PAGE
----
Over the last 25 years, the number of children in U.S. public schools with students of other races has doubled, the Washington Post found, and is indicative of the country’s shifting demographics to more people of color, especially Spanish speakers.
However, Black students are more likely than any other race to be in highly segregated school districts.
The Post analyzed all of the nation’s 13,184 traditional public school districts. Not included are about 5.8 million children who attend private or religious schools, 3 million in public charter schools and those not enrolled in school.
In 2017, 10.8 million children attended highly integrated public schools, up from 5.9 million in 1995, an 83 percent increase. According to the Post’s analysis, it’s because diversity is increasing outside of major cities as Latinos move into smaller towns and the suburbs of major cities that used to be majority white.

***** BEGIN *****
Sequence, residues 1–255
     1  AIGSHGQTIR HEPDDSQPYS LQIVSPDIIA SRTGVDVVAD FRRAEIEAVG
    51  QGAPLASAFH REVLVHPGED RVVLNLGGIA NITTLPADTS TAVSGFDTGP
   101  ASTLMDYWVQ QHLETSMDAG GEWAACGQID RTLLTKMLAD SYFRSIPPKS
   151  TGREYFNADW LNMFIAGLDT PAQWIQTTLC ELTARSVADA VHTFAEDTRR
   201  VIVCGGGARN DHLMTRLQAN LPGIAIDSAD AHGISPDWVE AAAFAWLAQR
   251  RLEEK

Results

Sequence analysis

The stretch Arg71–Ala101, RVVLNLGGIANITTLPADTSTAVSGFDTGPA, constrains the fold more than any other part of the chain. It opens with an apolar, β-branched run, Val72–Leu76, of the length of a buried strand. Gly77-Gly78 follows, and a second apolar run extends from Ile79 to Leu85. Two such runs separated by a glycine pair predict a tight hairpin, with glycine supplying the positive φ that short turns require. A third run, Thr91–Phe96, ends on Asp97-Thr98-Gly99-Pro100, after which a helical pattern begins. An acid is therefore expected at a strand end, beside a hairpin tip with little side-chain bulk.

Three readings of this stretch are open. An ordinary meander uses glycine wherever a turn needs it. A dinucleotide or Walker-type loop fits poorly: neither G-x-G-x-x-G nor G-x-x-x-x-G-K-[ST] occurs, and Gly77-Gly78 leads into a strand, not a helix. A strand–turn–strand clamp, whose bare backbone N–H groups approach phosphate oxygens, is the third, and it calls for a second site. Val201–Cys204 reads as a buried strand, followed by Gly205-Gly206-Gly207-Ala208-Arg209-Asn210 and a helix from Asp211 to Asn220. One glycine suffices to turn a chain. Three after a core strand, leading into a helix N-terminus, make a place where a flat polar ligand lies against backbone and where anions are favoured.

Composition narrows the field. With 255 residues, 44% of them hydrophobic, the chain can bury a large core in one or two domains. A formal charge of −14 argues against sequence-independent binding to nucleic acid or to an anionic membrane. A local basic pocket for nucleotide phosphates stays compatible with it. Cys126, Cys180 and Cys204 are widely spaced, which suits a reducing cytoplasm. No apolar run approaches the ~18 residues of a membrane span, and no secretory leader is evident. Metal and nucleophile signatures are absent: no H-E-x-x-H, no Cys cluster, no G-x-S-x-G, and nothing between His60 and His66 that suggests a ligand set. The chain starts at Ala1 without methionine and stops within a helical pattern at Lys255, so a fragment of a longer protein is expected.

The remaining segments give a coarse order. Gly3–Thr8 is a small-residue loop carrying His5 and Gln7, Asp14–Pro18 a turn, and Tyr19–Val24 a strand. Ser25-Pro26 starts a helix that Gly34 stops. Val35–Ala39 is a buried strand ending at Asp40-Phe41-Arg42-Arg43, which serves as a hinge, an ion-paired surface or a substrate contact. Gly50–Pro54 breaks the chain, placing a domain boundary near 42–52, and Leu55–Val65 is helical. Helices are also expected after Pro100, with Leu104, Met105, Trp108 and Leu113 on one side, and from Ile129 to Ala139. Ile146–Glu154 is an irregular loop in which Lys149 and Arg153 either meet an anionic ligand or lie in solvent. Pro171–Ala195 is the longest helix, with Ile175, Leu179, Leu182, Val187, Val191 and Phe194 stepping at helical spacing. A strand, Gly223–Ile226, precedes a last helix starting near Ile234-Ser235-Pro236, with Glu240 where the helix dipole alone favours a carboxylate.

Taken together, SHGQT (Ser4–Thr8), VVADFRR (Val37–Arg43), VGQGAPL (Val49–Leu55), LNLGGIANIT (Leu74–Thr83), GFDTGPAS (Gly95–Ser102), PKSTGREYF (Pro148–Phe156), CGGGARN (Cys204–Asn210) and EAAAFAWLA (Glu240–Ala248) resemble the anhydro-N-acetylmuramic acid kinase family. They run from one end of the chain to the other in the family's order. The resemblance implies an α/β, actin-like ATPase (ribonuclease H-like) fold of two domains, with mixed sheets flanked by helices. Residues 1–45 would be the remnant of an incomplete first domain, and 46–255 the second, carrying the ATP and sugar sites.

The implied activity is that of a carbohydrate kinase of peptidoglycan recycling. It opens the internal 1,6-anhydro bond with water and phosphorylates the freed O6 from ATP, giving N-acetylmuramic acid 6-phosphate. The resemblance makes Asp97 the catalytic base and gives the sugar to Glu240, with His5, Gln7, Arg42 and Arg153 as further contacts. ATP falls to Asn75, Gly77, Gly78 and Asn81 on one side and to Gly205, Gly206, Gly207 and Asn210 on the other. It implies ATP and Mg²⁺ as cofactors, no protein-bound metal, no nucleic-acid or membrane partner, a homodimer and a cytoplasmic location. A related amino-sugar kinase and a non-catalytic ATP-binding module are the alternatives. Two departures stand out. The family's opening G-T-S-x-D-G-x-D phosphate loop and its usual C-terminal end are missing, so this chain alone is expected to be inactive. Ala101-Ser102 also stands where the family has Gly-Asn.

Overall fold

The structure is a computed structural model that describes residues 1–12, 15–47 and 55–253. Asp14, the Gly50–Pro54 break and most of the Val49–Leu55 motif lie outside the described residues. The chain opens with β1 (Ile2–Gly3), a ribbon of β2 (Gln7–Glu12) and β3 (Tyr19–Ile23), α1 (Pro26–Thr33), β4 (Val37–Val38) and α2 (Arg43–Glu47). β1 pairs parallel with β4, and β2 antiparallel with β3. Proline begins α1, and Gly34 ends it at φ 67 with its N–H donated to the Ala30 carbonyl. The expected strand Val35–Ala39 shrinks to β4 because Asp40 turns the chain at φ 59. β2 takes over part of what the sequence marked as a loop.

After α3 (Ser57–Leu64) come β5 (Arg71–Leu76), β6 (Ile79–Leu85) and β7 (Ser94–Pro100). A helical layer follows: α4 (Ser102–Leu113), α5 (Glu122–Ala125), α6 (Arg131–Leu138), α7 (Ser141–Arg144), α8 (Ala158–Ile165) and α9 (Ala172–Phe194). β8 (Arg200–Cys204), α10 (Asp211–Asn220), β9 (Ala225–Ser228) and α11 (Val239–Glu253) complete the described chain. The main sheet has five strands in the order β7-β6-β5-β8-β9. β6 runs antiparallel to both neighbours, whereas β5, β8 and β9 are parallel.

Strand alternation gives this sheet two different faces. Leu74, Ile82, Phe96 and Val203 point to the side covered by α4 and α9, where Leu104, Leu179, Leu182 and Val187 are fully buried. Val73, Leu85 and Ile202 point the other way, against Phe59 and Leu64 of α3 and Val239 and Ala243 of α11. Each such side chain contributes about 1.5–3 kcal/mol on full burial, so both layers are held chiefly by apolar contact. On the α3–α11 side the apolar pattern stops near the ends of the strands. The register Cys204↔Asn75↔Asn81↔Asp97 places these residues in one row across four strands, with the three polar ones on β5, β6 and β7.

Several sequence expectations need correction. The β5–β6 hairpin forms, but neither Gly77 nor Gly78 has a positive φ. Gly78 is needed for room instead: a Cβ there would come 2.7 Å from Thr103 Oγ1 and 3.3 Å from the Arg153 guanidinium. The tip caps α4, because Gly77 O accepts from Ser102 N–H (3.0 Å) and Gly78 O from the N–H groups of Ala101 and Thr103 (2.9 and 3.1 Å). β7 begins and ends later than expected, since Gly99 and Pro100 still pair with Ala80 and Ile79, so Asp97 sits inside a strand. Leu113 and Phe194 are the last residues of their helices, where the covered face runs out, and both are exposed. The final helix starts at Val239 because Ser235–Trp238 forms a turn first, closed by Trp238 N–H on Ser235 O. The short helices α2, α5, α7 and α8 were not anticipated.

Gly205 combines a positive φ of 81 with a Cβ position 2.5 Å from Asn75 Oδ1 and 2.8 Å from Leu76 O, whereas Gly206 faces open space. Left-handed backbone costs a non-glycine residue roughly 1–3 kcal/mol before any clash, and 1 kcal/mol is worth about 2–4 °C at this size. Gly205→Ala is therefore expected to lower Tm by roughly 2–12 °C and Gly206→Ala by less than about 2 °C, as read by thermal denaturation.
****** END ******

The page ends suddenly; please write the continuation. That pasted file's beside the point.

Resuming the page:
The smaller cities are more likely to have schools that reflect the new diversity of their communities than the big cities. Major metropolises have long had diverse populations and yet have schools that are very segregated.
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Segregation in parts of the U.S. have increased slightly, the Post found. Out of 46.4 million public school students, about 5.8 million attended schools that were not integrated in 2017.
The Post used Roaring Fork Valley, Colorado, as an example. Twenty-five years ago, the valley’s school district was 12 percent Latino. Now, Latinos represent more than half of all kids.
This trend will likely continue all over the U.S. Next year, the Census Bureau predicts, whites will no longer constitute a majority of American children.